Off on a Tangent A Fortnightly Electronic Newsletter from the Hope College Department of Mathematics
 November 1, 2010 Vol. 9, No. 5 http://www.math.hope.edu/newsletter.html

 The next two weeks bring two more colloquium opportunities

 Title:  My life as an actuary at Towers Watson Speaker: Bryan Heiser, Towers Watson Time:  Tuesday, November 2 at 4:00 p.m. Place:  VWF 104

Abstract:  I will talk about my experience as an actuary at Towers Watson in Chicago to help students learn about the day-to-day life of an actuary. I will also talk about student preparation, exams and internships. There will be plenty of time for student questions.

 Title:  Counting with Generating Functions Speaker: Dr. Brian Drake, Grand Valley State University Time:  Wednesday, November 10 at 4:00 p.m. Place:  VWF 104

Abstract:  Many types of counting problems are best solved using series expansions of functions.  We will see some basic examples, including how to count tilings with squares and dominos.  Then we will consider some results which allow us to turn difficult counting problems into easy ones by finding a function's inverse.

 Math in the News

 What do Justin Bieber, Monet's Water Lillies, and Euler's identity (ei(π)+1 =0) have in common?  There are people who think each one of these is a thing of beauty.  NPR's Adam Frank asked the question, “Why are so many mathematically inclined folks sent into paroxysms of delight over this string of symbols which seem like gibberish to others?" in his commentary.  To find the answer to this question click here to see the full post of this column.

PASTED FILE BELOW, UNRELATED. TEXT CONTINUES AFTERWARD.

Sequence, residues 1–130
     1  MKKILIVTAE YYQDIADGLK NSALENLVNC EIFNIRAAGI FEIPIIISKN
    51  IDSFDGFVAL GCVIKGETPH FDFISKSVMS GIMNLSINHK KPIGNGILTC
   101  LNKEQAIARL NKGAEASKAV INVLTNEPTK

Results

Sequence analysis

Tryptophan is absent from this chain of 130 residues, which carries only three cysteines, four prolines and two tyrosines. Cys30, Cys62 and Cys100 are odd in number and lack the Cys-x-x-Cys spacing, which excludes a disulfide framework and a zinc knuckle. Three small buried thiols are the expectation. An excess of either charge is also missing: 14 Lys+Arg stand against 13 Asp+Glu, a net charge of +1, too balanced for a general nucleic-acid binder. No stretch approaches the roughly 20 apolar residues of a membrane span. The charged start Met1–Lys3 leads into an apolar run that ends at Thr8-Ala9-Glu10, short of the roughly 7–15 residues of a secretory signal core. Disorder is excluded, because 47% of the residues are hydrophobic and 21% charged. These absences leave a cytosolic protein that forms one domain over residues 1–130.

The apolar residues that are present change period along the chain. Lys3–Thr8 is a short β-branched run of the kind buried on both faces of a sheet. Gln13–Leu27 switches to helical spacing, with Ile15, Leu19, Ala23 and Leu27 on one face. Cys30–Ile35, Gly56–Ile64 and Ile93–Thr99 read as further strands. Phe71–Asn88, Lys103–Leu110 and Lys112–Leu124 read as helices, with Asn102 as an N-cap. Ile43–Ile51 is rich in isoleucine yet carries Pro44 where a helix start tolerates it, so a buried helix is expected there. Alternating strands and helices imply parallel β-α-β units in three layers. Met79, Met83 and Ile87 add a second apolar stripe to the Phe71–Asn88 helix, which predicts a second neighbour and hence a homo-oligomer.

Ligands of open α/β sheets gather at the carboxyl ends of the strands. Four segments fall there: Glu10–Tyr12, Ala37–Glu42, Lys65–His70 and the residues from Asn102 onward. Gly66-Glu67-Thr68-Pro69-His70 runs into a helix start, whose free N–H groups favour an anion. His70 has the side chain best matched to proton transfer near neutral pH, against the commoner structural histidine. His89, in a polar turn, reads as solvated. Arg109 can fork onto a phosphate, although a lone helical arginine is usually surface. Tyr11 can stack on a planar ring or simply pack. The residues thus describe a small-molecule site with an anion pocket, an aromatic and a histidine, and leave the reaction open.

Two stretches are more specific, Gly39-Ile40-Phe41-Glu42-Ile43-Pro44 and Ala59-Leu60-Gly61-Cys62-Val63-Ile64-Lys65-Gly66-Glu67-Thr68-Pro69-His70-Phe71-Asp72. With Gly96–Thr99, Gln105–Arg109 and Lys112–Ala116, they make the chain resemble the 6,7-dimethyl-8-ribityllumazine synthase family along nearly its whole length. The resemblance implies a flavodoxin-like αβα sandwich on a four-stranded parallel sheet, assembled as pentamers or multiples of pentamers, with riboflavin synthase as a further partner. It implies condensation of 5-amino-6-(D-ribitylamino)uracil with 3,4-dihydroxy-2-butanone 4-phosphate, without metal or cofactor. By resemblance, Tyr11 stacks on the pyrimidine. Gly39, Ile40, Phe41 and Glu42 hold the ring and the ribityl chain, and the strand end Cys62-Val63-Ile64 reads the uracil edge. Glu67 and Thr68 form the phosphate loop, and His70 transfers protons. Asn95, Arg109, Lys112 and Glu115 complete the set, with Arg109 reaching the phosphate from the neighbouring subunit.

Problem Solvers of the Fortnight

 We had the following problem in our last problem of the fortnight:  For what values of n is n3 - 9n2 + 20n divisible by 6? Solution: The polynomial factors into n(n-4)(n-5).  One of (n-4) or (n-5) is even, so the polynomial is divisible by 2 for any natural number n.  One of (n-4), (n-5), (n-6) is divisible by 3.  Since, if (n-6) is divisible by 3, it follows that n is divisible by three, so n(n-4)(n-5) is divisible by both 2 and 3 and thus by 6 for any natural number. The following students gave correct solutions: Erica Budge, Cornelius Smits, and David Dolfin.

 Problem of the Fortnight

 For which natural numbers, n, is (2n+1)(2n-1) divisible by 3? Write a complete solution (not just an answer) in triplicate and drop it off in the Official Problem of the Fortnight Slot outside VWF 212 by 3:00 pm on Wednesday, November 10.  As always, be sure to include your name, the name(s) of your professor(s), and your math class(es) -- e.g. Drew A. Blank, Dr. Jean Poole, Math 333 -- on your solution.

I know it's a rare privilege, but if one can really tackle something in adult life that means that much to you, then it's more rewarding than anything I can imagine.

Andrew Wiles

 Off on a Tangent